During those five contests, Inge has four home runs and 16 RBIs, as he is just the second A's player -- joining Damian Miller -- since 1970 with 16 RBIs over that same span. Moreover, he is the first player in all of baseball with four four-RBI games in a five-game stretch since Lou Gehrig in 1931, according to Elias.
Only Yoenis Cespedes (21) and Josh Reddick (19) have more RBIs on the team this season.
"I don't know what to say about that," manager Bob Melvin said. "He's been terrific, he really has. To this degree, no one expected this. We certainly expected him to play great defense and have veteran leadership, drive in some runs. For him to do what he's done is pretty phenomenal."
So much so that his teammates are running out of words to describe it.
"It's indescribable," Jemile Weeks said. "You look at the numbers and just open your mouth and are in awe. But it's all real. He's been a great addition and has provided some much-needed pop."
"What else can he do?" Reddick asked. "We want him to come back and hit another [home run] tomorrow, hopefully a grand slam. He's been great. I don't know what the guys across the way were thinking when they let him go, but we're happy to have him here and happy to have him swinging the bat like he is."
His ex-teammates, meanwhile, are just having to deal with it.
"We figured he'd be locked in this series," Tigers catcher Gerald Laird said. "I mean, he's a competitor. He got released by this organization and he feels like he has something to prove. That's the nature of the game. We left some pitches out over the middle of the plate and he didn't miss."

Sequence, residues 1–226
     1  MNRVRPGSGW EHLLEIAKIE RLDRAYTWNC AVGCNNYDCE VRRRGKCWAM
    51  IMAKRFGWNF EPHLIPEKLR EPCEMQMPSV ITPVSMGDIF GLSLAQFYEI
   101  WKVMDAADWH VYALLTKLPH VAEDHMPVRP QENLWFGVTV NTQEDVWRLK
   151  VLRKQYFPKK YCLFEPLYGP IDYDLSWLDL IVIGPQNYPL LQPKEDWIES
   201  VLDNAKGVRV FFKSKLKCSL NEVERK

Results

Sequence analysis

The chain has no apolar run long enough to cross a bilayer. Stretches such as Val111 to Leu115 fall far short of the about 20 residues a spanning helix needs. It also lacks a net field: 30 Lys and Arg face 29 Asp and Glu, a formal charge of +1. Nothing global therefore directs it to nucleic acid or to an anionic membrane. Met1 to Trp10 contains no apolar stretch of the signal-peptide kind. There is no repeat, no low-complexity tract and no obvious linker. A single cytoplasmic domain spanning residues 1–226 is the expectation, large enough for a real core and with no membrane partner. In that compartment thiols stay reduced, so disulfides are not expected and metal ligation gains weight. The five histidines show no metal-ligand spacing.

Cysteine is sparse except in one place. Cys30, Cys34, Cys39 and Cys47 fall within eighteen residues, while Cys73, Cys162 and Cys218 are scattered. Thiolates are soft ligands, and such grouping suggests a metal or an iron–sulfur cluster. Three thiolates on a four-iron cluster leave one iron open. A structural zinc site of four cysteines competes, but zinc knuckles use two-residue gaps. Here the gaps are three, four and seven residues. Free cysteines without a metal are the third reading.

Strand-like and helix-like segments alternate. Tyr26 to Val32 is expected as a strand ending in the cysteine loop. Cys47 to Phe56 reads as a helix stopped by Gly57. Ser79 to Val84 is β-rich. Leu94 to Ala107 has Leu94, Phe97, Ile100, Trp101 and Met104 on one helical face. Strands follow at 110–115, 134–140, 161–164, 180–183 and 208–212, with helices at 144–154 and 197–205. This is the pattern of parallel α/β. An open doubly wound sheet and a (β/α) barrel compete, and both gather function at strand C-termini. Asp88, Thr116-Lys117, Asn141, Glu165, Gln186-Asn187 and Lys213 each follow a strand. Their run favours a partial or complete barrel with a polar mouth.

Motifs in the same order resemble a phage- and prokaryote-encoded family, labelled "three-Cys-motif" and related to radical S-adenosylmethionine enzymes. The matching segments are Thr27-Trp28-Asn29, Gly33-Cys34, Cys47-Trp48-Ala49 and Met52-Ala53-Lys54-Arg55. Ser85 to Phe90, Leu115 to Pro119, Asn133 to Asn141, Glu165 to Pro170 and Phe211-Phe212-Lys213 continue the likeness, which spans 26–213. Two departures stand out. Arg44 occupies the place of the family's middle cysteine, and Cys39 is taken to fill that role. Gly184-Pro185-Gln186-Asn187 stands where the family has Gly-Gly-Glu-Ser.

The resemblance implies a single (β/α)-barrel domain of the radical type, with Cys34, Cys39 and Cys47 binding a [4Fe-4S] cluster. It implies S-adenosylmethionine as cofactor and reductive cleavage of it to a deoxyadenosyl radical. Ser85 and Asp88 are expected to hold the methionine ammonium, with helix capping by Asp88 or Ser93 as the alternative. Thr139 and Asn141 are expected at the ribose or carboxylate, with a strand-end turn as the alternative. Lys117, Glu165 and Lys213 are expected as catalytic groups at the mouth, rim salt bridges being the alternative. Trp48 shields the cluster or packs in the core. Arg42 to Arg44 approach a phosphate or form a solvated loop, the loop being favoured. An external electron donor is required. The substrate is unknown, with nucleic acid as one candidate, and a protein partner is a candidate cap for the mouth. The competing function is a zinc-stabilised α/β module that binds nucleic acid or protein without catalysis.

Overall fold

Inge's latest long ball came in a four-run sixth off Tigers reliever Duane Below, and it followed an RBI single from Reddick, who also enjoyed an impressive night. More like a career night, really, as the outfielder produced his first career multi-homer game, compiling a career-high four hits and five RBIs.
The A's No. 3 hitter has eight homers in 31 games, one more than he had in 87 with the Red Sox last season. He's on pace for 39 and, over the past 13 games, is batting .362 with 15 RBIs. Seven of the contests have been of the multi-hit variety.
"What can you say? He's really been a stabilizing force in the middle of the lineup from that spot," Melvin said.
Reddick's first home run, a solo shot off Detroit starter Rick Porcello in the third, was followed by a three-run homer against Tigers right-hander Collin Balester in the seventh.
Not to be forgotten were Kila Ka'aihue and Seth Smith, who combined to reach base six times. Ka'aihue tallied two doubles on the night, while Smith collected three hits, including one of his own two-baggers.
The offensive effort, reflective of the one displayed by Detroit in Thursday's 10-6 loss, overshadowed a bounce-back start from Tommy Milone, who surrendered just one earned run in seven innings of work after offering up a combined 12 over his past two starts on the road. The southpaw surely likes pitching in the confines of the Coliseum, as he improved to 3-0 with a 0.39 ERA in three starts at home.
Milone found trouble out of the gates, allowing back-to-back hits to Austin Jackson and Andy Dirks in the first, before settling down and inducing a run-scoring double-play ball from Miguel Cabrera and fanning Prince Fielder to end the inning. Overall, he struck out six in the effort and gave up just five hits with one walk.
"I thought he was back on it again against a lineup that he had to watch score how many runs last night," Melvin said. "I thought his performance was key. He was really good."
As was Inge. Again.
"He did make an error tonight," Melvin reminded reporters, smiling. "Ruined our defensive night. But we'll give him a break for that one."
"It's good to feel wanted," Inge said. "That's been an important thing. The other part is, coming into this group of guys ... the attitude of this ballclub is very much laid-back but, at the same time, when you step between the lines, very much business. That's a good working atmosphere for me and the way I like to do things. It's an easy match."